Carol Bruns Bauer

Carol Bruns Bauer

Doctor of Humane Letters

Longtime Washington University benefactor Carol B. Bauer grew up in St. Louis in a family of modest means and a tradition of service.

A steadfast volunteer, chaplain and former teacher, Mrs. Bauer has spent her life giving to others, with a focus on improving education and health care. She has worked with homebound children with disabilities, managed a home-based nursery school, taught at a nursery school, raised a family, and now serves as a hospital chaplain.

While a student at Harris Teachers’ College in St. Louis and president of the Baptist Student Union, Mrs. Bauer met her future husband, George P. Bauer, BS ’53, MS ’59, then a Washington University student and vice president of the Interfaith Council. After earning a bachelor’s degree in 1954, Mrs. Bauer taught in St. Louis public schools.

The Bauers married in 1955 and moved 18 times in the first 25 years of their marriage for Mr. Bauer’s job with IBM. When IBM sent the Bauers to Paris in 1972, the family lived for four years on the grounds of Malmaison, the country estate of Napoleon and Josephine Bonaparte. Mrs. Bauer immersed herself in the estate’s history and gave small private tours to visitors. Once back in the United States, she gave lectures on the Bonapartes across the country for 12 years.

To foster what the Bauers, who live in Wilton, Connecticut, call the “Sunday/Monday connection,” a term to describe their goal of bridging the spiritual and the secular in their lives, they founded the Bauer Family Foundation in 1989 to benefit others.

Mrs. Bauer has contributed extensively to nearby Norwalk Hospital since 1978, providing service and visionary leadership. She founded and led the hospital’s Emergency Room Reception Volunteers, a group she remained involved with for 25 years.

A member of the hospital’s Board of Trustees for 19 years, she was the first woman elected chair. After going back to school to earn a certificate in clinical pastoral education, Mrs. Bauer began volunteering in 2002 as a hospital chaplain, a role she continues to this day.

As chaplain in the hospital’s childbirth center, she is often on call at all hours of the night, offering comfort and counsel to parents whose babies are in the neonatal intensive care unit, as well as to parents whose children have died.

As she said in a Washington magazine interview in 2013, “It is a privilege to help bring a spiritual presence to people in times of crisis.”

In 1992, the Bauers established the Jeffrey Peter Bauer Newborn Intensive Care Unit at Norwalk Hospital in memory of their first child, who died in the hospital when he was five days old.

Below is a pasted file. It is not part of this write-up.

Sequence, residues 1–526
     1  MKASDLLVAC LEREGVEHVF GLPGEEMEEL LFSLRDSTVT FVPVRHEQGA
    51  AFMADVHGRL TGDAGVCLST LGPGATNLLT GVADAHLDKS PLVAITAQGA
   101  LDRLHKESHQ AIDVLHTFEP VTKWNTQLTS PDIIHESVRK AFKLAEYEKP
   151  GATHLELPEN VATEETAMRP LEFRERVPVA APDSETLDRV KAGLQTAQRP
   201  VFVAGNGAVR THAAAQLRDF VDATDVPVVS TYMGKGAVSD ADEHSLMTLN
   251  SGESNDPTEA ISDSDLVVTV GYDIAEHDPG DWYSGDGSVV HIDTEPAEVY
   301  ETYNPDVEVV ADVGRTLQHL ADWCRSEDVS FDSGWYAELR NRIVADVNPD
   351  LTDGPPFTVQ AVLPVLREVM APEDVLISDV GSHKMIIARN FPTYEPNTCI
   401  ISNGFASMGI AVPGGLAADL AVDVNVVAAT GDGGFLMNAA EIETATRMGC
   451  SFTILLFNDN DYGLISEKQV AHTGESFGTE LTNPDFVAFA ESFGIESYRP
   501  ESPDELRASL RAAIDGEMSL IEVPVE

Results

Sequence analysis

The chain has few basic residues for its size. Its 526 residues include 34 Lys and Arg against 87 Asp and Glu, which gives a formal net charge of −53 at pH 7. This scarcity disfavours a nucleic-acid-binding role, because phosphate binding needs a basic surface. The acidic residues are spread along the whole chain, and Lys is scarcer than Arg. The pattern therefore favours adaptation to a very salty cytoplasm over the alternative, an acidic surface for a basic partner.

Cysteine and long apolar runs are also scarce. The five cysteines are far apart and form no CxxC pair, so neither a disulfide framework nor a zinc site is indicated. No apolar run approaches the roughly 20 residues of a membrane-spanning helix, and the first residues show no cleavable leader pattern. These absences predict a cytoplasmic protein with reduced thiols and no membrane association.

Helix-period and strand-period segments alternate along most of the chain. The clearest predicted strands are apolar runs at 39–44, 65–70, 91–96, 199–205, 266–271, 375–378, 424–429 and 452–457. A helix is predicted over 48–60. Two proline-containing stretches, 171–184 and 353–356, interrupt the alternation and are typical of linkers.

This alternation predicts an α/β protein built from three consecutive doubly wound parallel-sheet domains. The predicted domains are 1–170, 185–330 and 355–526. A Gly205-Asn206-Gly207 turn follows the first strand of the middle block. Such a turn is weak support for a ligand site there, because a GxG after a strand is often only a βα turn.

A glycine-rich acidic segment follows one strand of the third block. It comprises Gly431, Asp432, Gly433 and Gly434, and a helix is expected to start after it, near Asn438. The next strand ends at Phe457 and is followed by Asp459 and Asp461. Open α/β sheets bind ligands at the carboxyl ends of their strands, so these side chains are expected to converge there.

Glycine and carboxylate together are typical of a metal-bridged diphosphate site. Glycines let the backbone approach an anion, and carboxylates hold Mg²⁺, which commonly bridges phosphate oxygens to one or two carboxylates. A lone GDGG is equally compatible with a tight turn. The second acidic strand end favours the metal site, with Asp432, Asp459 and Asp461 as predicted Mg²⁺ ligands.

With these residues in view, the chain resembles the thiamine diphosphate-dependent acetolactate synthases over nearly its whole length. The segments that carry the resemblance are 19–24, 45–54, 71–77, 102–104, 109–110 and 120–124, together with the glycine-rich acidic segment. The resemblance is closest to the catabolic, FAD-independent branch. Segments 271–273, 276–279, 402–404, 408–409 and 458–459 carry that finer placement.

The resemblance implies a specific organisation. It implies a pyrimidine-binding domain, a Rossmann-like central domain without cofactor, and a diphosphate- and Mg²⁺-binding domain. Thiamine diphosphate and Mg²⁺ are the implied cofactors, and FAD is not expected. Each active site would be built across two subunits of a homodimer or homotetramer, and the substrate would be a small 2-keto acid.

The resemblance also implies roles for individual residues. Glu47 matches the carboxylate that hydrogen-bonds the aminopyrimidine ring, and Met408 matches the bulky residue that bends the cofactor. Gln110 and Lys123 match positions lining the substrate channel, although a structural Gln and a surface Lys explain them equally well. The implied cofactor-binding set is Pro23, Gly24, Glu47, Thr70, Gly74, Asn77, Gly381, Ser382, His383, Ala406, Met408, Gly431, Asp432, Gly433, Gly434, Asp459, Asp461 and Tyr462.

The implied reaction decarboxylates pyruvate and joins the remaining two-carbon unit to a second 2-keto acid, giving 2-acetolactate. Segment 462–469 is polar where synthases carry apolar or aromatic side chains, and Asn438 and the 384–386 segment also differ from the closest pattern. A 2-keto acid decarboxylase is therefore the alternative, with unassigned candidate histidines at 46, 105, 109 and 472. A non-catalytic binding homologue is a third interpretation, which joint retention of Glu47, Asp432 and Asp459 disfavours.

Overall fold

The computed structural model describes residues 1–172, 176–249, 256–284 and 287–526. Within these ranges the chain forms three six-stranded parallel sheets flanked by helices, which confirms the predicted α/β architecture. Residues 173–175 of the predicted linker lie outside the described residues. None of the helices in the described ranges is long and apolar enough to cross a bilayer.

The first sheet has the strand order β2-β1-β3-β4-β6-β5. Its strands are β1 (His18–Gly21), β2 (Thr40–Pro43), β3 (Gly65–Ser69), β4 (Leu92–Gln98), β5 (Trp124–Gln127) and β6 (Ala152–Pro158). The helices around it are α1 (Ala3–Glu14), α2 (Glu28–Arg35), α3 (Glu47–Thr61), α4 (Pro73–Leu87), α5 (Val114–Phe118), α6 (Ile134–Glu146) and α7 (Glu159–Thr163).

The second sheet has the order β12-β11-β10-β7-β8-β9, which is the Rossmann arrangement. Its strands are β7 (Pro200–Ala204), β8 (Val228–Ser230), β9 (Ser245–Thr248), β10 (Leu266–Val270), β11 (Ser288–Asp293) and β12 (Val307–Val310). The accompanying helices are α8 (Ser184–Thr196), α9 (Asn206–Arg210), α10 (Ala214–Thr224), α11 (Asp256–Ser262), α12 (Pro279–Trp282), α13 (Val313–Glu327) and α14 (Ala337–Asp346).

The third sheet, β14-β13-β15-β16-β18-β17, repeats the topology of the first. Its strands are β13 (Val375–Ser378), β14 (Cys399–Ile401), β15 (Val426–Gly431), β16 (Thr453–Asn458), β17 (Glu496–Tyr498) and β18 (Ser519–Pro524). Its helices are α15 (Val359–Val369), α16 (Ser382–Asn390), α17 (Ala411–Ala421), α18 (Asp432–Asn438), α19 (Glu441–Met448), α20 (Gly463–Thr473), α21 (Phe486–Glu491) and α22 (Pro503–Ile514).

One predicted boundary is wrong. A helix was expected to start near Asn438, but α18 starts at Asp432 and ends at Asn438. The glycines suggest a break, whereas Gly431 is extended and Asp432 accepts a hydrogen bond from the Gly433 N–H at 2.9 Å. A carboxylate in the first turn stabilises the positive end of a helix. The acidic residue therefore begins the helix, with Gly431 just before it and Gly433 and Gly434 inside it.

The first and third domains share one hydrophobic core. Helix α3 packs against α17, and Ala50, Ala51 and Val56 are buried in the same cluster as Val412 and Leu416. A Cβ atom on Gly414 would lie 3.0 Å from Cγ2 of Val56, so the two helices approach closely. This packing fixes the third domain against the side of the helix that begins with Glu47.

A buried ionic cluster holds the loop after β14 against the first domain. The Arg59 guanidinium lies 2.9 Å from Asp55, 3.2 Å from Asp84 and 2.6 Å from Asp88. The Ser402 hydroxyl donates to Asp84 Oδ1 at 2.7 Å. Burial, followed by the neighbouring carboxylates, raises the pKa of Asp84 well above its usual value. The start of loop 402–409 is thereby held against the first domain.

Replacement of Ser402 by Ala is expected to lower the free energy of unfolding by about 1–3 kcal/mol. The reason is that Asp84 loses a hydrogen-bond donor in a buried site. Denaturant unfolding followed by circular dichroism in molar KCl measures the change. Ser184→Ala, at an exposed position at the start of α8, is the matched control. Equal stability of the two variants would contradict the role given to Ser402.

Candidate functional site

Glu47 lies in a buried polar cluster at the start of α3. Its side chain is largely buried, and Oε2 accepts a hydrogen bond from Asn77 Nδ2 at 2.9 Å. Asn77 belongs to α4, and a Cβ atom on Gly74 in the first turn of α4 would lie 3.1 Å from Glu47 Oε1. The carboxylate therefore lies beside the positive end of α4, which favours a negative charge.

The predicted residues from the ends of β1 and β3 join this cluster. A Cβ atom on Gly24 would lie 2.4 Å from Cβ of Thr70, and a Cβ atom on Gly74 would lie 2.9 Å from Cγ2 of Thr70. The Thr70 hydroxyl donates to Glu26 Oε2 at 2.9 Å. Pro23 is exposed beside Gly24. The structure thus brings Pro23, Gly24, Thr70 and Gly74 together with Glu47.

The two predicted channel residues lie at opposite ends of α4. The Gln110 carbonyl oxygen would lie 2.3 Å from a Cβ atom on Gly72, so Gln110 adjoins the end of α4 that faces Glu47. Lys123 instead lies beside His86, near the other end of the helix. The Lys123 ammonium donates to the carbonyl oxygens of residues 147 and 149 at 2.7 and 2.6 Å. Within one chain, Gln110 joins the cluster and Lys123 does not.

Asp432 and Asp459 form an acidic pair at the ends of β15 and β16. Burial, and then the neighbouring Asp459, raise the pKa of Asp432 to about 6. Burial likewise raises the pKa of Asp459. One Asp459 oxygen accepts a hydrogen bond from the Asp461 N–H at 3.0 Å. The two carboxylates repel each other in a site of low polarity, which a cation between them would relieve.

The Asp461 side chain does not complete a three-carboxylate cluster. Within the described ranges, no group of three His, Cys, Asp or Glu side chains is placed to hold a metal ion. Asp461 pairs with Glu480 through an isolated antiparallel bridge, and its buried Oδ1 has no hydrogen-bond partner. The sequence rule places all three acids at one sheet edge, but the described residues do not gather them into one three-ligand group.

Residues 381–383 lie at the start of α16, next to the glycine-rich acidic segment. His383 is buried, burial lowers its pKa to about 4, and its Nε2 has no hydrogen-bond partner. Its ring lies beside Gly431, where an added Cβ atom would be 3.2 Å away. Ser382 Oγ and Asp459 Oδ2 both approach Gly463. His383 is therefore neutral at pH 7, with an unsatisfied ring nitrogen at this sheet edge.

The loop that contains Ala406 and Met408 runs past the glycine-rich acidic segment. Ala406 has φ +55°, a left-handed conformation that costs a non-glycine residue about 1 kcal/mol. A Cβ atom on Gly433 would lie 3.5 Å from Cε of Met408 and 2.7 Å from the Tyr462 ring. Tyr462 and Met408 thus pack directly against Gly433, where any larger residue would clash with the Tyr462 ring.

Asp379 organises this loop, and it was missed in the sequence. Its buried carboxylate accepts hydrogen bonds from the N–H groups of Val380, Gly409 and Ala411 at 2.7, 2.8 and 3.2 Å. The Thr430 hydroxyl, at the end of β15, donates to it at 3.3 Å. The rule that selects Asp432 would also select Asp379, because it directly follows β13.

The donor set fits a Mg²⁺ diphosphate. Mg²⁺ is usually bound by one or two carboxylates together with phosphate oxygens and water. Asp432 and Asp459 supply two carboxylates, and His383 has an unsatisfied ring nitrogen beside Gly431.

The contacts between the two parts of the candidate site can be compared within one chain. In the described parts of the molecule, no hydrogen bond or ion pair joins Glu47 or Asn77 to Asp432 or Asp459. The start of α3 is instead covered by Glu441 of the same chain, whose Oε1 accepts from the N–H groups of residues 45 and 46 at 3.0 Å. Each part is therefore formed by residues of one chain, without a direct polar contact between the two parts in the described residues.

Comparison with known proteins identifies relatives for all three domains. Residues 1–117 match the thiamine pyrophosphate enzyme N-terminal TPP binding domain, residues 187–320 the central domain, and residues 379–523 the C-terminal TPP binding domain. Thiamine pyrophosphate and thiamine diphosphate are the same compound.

Through their foundation, the Bauers created a Connecticut chapter of the national I Have a Dream program, which provides individualized social, emotional and academic support to young people in low-income communities from kindergarten through college, along with guaranteed tuition support.

In the late 1990s, the Bauers personally “adopted” 43 children from a South Norwalk housing project, offering them post-high school education if they stayed in school.

In 2015, the Connecticut NAACP recognized Mrs. Bauer for her volunteer work in the Greater Norwalk community with the Barbara Jean Edmonds Penn Memorial Award for Community Service at its annual Freedom Fund Banquet.

During a Washington University alumni trip to Thailand in 1994, the Bauers visited the village of Chiang Rai, where missionaries were offering sanctuary to young girls rescued from prostitution. The Bauers supported a new building that provides shelter, education and employment for 150 girls and women. They have frequently traveled to Thailand to stay involved with
the program.

The Bauers’ commitment to young people extends to Washington University, where Mr. Bauer is an emeritus trustee. Among their many generous contributions to the university, they have provided scholarships for students and established an ongoing endowment to provide emergency financial aid to students experiencing unforeseen financial difficulties.

Mrs. Bauer has served on the boards of the international humanitarian organization AmeriCares, The Tiny Miracles Foundation and the American School of Paris, among others.

For her work with Norwalk Hospital, she received its inaugural Founders’ Award at its 125th anniversary gala in 2018, and the Connecticut Hospital Association gave her its Health Care Hero Award in 2012.

The Bauers have three children and five grandchildren.